covid & kids

Antibody Treatment Offered to Kids as COVID Pediatric ICU Cases Spike

If administered soon after Covid diagnosis, treatment can be 70% effective

NBC Universal, Inc.

There’s a new weapon in the fight against Covid-19 to keep people out of the hospital in South Florida.

More than 100 monoclonal antibody treatments, known as Regeneron, have been administered at Broward Health Medical Center in the last week to try and keep people from becoming patients.

“This is not for someone with severe symptoms, this is not for someone who is hospitalized, not for someone hospitalized on oxygen,” said Dr. Aldo Calvo, the medical director of ambulatory services at Broward Health Medical Center.

Doctors say Regeneron needs to be administered within a few days of a positive Covid diagnosis in order for it to be 70% effective.

Other eligibility requirements include being 12 or older, weighing at least 88 pounds, being Covid positive with mild to moderate symptoms and having at least one high-risk factor such as obesity, diabetes or cardiovascular disease.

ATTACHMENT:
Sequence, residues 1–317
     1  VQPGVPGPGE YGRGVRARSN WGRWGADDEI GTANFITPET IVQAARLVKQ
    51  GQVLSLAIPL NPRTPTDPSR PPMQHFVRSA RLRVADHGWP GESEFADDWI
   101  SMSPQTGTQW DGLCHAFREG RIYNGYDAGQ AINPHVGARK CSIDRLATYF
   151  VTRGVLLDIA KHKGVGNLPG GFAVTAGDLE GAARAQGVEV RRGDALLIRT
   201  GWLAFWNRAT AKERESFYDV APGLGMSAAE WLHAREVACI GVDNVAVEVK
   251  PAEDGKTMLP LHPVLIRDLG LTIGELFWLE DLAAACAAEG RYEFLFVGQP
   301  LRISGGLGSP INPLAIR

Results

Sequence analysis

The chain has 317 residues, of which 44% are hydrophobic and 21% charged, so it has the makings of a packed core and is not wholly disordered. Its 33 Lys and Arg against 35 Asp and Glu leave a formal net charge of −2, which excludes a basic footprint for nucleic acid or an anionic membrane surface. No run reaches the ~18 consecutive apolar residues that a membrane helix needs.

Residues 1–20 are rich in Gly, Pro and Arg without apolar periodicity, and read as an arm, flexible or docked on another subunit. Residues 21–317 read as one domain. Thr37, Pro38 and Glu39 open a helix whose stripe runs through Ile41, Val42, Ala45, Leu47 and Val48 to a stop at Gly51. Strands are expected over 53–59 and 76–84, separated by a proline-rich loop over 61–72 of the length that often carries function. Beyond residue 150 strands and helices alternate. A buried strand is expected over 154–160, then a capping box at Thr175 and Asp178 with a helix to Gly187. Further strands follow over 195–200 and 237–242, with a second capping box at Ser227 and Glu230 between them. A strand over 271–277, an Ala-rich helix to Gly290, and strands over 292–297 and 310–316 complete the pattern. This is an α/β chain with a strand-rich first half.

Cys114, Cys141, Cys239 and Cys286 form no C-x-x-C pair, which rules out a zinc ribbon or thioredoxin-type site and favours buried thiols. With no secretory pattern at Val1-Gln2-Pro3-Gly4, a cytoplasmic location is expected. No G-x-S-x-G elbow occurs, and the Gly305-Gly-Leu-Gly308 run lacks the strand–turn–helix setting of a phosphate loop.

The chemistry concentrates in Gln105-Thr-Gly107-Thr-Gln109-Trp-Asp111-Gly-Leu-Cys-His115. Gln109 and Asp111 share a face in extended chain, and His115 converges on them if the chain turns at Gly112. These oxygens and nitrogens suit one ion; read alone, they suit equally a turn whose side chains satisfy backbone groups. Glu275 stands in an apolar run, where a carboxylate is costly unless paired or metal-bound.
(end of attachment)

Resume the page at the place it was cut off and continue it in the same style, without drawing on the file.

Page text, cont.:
The hospital is extending the treatment to kids because of a spike in the number of Covid patients ending up in the pediatric intensive care unit. In July, there were five cases of kids with Covid in the ICU for the month. Less than three weeks into August, the pediatric ICU has already had 18 Covid patients.

“What we don’t know is what is the long term effect of this infection itself. Is this going to leave young children with injury to the lungs and not able to perform at 100%? These are things we don’t know, so these are things we can do to help prevent that,” said Dr. Venu Devabhaktuni, who works in pediatric intensive care.

The treatment is free, and administered through an IV infusion that takes less than 30 minutes in an outpatient clinic.

It’s more intrusive than the one or two-shot Covid vaccine, which remains the best defense against the virus.

“I want to make sure there is a great distinction that this is not the solution for this pandemic, the solution is getting vaccinated,” said Dr. Calvo.

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